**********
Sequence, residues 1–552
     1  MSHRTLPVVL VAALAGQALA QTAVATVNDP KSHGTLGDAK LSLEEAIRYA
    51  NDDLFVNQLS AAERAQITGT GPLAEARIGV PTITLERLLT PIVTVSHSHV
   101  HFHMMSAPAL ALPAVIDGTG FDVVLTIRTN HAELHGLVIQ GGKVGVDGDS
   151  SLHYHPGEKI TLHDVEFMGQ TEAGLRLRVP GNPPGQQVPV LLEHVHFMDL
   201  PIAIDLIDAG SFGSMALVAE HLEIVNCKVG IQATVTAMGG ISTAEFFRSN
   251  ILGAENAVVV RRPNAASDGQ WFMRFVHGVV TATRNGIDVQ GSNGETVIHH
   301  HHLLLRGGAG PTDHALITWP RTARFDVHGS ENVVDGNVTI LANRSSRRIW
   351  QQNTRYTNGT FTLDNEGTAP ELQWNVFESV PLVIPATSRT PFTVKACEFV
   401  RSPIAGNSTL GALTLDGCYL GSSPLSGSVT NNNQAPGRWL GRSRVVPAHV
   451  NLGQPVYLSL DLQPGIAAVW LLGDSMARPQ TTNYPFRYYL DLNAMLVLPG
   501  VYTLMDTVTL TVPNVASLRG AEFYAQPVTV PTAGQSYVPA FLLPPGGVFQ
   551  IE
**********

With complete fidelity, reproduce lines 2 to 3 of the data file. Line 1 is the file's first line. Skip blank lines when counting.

     1  MSHRTLPVVL VAALAGQALA QTAVATVNDP KSHGTLGDAK LSLEEAIRYA
    51  NDDLFVNQLS AAERAQITGT GPLAEARIGV PTITLERLLT PIVTVSHSHV